• What kind of research did you do for the book? How long did it take to research and write the book? It took several years at archives like Tuskegee University and Hampton University. And it took two years to write Rooted in the Earth.
  • Would you assign your own book to college students in one of your classes? Yes, but I would not rely solely on the book for my lecture and discussion.
  • Is the book used at Historically Black Colleges and Universities (HBCU’s)? I don’t know about specific schools but the book was marketed to the mainstream, academics, and librarians across the country.

Great afternoon! Great people! Of special note was Cynthia Parks, President of Nu Lambda Omega who was a charming co-host at the event.

This slideshow requires JavaScript.

Many thanks to Na’Taki Osborne Jelks who organized and co-hosted the event.

Photographs by Na’Taki Osborne Jelks and Michael McCrimmon

Shades of Nature: Environmental Fiction Blog Carnival

Shades of Nature: Environmental Fiction is the Second Rooted in the Earth Blog Carnival. This time the focus is on environmental fiction or literature. Although I lean towards history and popular culture, I so dearly love fiction too. After reading blogs by the contributors to this carnival, look out for the Third Rooted in the Earth Blog Carnival in the near future.

Many years ago, I learned that Lauret, my friend, was editing a volume that included environmental fiction. The result was The Colors of Nature: Culture, Identity, and the Natural World (2002) edited by Alison H. Deming & Lauret E. Savoy. The second edition of the collection arrives online and in bookstores in February 2011. They edited the book from two perspectives: Deming who is white and Savoy who is of African descent. Both women were clear about their perspectives based on diversity in the preface which defined the collection.

Al Young, the author of one of the essays titled “Silent Parrot Blues,” introduces his piece on environmental racism with a story:

Even I, who knew next to nothing about parrots, understood that this parrot was exceptional . . . His coat of many color was listless and raggedy. Not only did he look as though he’d been plucked and picked on, he looked as though he had been ‘buked and scorned,’ as the faithful Negro spiritual would have it.” (p. 113)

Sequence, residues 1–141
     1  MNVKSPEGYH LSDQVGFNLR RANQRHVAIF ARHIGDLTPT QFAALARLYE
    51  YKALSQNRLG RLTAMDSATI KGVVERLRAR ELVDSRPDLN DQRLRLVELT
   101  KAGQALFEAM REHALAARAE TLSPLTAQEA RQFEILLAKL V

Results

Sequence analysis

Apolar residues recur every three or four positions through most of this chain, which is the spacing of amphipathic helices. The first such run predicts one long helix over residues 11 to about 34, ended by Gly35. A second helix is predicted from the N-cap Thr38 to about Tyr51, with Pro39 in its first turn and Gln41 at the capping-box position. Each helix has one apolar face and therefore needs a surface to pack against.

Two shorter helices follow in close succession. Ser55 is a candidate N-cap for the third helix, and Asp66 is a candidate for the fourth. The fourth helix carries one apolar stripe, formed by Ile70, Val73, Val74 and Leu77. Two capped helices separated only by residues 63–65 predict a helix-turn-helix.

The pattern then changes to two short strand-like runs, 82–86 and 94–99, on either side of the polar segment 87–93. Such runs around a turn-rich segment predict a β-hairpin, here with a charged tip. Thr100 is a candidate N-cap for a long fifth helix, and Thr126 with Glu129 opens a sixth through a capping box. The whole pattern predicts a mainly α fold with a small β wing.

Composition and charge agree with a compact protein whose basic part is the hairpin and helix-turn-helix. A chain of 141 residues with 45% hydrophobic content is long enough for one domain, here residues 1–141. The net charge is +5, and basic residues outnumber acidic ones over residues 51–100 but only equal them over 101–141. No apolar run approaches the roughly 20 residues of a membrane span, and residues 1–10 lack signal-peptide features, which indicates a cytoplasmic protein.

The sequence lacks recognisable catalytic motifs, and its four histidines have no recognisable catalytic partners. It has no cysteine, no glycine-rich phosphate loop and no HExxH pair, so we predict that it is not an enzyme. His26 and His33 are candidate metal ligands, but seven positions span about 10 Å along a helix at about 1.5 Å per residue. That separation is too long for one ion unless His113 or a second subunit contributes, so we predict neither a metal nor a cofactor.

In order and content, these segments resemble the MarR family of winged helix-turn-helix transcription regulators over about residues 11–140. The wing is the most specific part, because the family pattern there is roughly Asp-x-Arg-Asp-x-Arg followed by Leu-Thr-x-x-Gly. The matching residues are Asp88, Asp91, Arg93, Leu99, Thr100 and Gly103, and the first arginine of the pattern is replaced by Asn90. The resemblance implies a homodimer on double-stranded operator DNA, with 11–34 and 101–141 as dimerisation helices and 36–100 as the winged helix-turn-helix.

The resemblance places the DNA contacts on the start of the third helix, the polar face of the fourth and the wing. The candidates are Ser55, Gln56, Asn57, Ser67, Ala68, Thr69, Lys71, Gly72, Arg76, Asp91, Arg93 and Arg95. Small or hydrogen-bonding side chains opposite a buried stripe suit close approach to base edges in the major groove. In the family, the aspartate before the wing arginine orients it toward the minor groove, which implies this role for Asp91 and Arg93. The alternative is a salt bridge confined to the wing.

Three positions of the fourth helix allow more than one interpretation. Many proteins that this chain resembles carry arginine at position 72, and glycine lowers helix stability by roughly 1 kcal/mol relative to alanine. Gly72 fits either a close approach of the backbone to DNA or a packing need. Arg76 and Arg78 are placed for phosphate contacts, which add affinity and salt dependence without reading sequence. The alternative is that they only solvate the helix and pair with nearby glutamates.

The parrot, a metaphor for environmental racism, could not speak much like people who cannot speak up for and defend themselves when say a company opens up a garbage dump in an impoverished neighborhood skirting environmental laws.

To expand on this idea of inequity, Savoy says, “What is the American Earth to people of color? Of course there is no single or simple answer.” (p. 9) The following blogs come from many perspectives including ethnic-and bio-diversity:

FICTION

“Yard Yarns (Limerick and Haiku Prompt),” Mad Kane’s Humor Blog.

“Time and Tide Pools,” The Daily Neurotic: A Webblog About Life’s Peculiarities Otherwise Known as the Dailies.

“Fiction: A New Heaven and and a New Earth,” The Great Auk — The Greatest Auk: Not Bad for Being Extinct.

“Flying Alone,” Memorizing Nature: Fantastical Yet Critical Writings by Elaine Medline.

“Stone,” Frogs and Ravens: Some Days We Are Ravens; Other Days, Frogs

The Marshlanders Sample Chapter: Beaver Night.

“Rooted in the Earth: Reclaiming the African American Environmental Heritage: An Excerpt,” From the Blog by the Same Name.

REVIEWS

“A Review of Toni Morrison’s A Mercy,” The Schleicher Spin.

“A Damn Good Flood,” The Schleicher Spin.

Darryl A. Perkins the author of Into the Night and Understanding Goshawks offers shares some advice for writers of nature and the environment:

“The challenge of environmental fiction is to take something imaginary and not factual, and wrap it around something that is not only real, but necessary for our survival.  A further challenge, particularly of people of color, is to share our experiences and or imagination on the subject, with an audience that is unaware of our history and involvement with the environment.  However, there are heroes out there fighting the good fight like Rue Mapp, and Frank and Audrey Peterman.”

I am moved by the words of the authors who have shared their blogs in the Shades of Nature: Environmental Fiction Blog Carnival. Please take the time to comment on the blogs to encourage these environmental writers as they continue their creative pursuits.

Rooted in the Earth: Reclaiming the African American Environmental Heritage: An Excerpt

In my book Rooted in the Earth: Reclaiming the African American Environmental Heritage, I open each chapter with literary or fictional vignettes. Read the first paragraphs of Chapter 4 titled “Resistance: Rebellion, Sustenance, and Escape in the Wilderness:

Joseph dreams that he is a revered priest in West Africa, where his people, the Gruma of the Akan, all call him Minkah, which means justice. Some of his priestly duties revolve around nature—blessing a field, pouring libations with water onto the ground to revere the ancestors, and tending to the village’s earth shrine. Minkah strides through the forests and sees a vision of a long leaf pine that weeps and shakes like a small child.
Awaking from his reverie, Joseph realizes that he is this child, who has ended up enslaved. Now, north of the city of Mobile between the Tombigbee and Alabama rivers, he is far from his ancestral home in Africa. Yet he is comforted by the familiarity of leaves falling from the branches of the trees onto the uneven floor, a patchwork of sunlight and shadows in the forest.

Joseph’s visions and dreams have momentarily liberated him from the bondage of enslavement with thoughts well suited for the making of a runaway. Intuitively, he is comfortable and familiar with the woods and waterways surrounding the plantation. Joseph runs away for one- to three-day stretches, relying on his knowledge of nature, which originated in Africa, to survive. The first few times Joseph runs, Matthew Samford—the slaveholder of a two-hundred-acre plantation kept productive by seventy-five enslaved people— tracked him with dogs . . . (57-58)

My goal in using the fictional vignettes was to give thehistorical perspective of the book some “flesh.”